Watercolor RDUSkillPop hosts classes on a variety of topics from Handlettering to How to Launch Your Business which range from $20-35/class. Courses are held pop-up style in unique venues around the community and are taught by local experts looking to share their skills. Each class is bite-sized and focused so that you leave with the tools and knowledge to start pursuing your passion.

There are several ways to get involved:

Learn  Take a class and see what it’s all about! New classes come out every Tuesday morning and are announced in SkillPop’s newsletter. To sign up for the newsletter and/or see a list of current classes, visit  Skillpop’s website.SkillPop Photography Class

Teach  Have a skill you want to share? SkillPop accepts applications from teachers on a rolling basis and is currently looking for more teachers in the Raleigh area. More information on how to apply can be found here:

Host  SkillPop is currently popping-up in unique venues around Raleigh from historic churches to coworking spaces. If you have a venue you’d like to be used for classes send SkillPop an email.

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Support the Triangle Arts Community? Then Support Triangle ArtWorks!

We are lucky to live in the TAW_square_tagTriangle – home to one of the biggest and most diverse arts communities in the Country!

Help us also make the Triangle the best suppported arts community in the Country!  Support Triangle ArtWorks through a donation!

Click here to donate!

 

Here in the Triangle, we understand the power of the arts to…

  • Enliven our towns and cities
  • Provide diverse art and art experiences that are beautiful, transformative, fun, thought-provoking!
  • Bring new ideas and viewpoints to support entrepreneurship and innovation
  • Create a significant economic impact on the Region from its own work and a secondary impact on other businesses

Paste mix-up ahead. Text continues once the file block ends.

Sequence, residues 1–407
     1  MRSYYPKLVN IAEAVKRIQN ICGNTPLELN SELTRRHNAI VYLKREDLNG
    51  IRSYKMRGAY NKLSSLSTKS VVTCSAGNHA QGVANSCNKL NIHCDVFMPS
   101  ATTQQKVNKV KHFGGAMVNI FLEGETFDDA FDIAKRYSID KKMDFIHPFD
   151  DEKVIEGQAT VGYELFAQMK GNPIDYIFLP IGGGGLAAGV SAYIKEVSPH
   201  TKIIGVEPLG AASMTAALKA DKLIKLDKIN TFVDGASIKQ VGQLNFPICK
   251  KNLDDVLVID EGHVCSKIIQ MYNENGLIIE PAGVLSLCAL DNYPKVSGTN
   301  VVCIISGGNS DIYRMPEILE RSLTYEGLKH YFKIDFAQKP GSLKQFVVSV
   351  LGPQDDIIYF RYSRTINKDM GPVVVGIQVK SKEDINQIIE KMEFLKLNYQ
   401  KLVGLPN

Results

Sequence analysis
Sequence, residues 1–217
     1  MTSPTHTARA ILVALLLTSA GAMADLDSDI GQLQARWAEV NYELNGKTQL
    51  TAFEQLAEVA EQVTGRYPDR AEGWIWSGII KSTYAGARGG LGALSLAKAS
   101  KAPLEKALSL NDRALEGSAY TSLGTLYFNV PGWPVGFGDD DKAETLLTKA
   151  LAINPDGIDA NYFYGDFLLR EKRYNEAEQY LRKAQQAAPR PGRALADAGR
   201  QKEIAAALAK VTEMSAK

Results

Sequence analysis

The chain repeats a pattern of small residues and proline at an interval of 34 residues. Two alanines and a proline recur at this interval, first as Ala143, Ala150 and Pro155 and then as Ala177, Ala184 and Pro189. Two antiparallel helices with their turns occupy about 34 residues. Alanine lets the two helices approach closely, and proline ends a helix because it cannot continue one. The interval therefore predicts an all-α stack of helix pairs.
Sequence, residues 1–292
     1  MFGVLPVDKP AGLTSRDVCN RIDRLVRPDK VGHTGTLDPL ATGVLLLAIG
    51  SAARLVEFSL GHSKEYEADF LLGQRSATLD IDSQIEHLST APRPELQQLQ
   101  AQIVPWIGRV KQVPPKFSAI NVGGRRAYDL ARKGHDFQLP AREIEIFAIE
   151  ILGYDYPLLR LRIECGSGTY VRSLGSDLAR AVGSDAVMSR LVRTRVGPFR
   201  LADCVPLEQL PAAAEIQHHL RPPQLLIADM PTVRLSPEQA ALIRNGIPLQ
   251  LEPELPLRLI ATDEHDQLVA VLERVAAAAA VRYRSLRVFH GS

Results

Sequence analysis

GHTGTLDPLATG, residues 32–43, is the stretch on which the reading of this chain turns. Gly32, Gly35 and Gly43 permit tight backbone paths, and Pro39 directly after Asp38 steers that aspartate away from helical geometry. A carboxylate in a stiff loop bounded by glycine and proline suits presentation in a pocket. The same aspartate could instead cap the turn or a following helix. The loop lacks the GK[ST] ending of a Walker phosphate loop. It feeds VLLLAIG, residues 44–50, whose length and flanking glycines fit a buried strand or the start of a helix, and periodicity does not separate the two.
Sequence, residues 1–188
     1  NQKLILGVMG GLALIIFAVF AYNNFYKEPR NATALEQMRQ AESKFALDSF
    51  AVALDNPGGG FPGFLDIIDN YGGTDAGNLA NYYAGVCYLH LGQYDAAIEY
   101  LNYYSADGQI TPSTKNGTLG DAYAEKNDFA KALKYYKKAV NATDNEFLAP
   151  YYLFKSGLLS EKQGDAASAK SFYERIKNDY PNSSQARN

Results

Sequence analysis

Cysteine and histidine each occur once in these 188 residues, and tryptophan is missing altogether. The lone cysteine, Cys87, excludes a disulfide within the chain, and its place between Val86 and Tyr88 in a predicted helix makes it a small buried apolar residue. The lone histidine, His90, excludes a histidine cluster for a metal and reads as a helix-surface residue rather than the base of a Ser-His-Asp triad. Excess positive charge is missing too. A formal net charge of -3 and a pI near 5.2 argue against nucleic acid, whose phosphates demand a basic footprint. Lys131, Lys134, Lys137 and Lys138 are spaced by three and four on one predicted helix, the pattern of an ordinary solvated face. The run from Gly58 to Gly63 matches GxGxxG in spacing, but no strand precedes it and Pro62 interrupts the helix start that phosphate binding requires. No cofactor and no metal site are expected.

• Make the Triangle a great place to live, work, raise families and start businesses
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Our Board and volunteers are working hard to support the Triangle’s arts community. Support their work with a donation today!

If you support the Triangle arts community, you need to also support Triangle ArtWorks.

We are the only nonprofit looking at the big picture to ensure that the Triangle’s arts community has the resources and support it needs to not just to work, but to thrive!  Help us put the Triangle on the map as a Region that not only loves the arts, but supports artists as crucial members of the local economy and a big part of what makes the Triangle great.

Support artists? Then please support our work through a Donation.  Give here. 

 

Our Work in the Triangle.

 

  • Triangle ArtWorks NetWork – The center of it all is our online and social media network that keeps the community informed and makes it easier to find the resources, education, jobs and information they need to succeed.
  • Triangle Emerging Arts Leaders – TEAL is a group of young (and young at heart) arts leaders that comes together regularly for networking, education, mentoring and fun. This program is affiliated with Americans for the Arts Emerging Leaders program, which allows this group to connect with other national emerging arts leaders.
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Executive Director, Beth Yerxa, leads a group of Triangle arts folks through advocacy meetings at 2016 NC Arts Day. Here seen with Wake County Rep. Yvonne Holley.

  • Arts Advocacy – Triangle ArtWorks advocates for the arts as a business segment at the local, state and national level, working collaboratively with other advocacy organizations such as Arts NC and Americans for the Arts. We use our network to empower and inform the arts community and to facilitate civic engagement around issues of arts advocacy.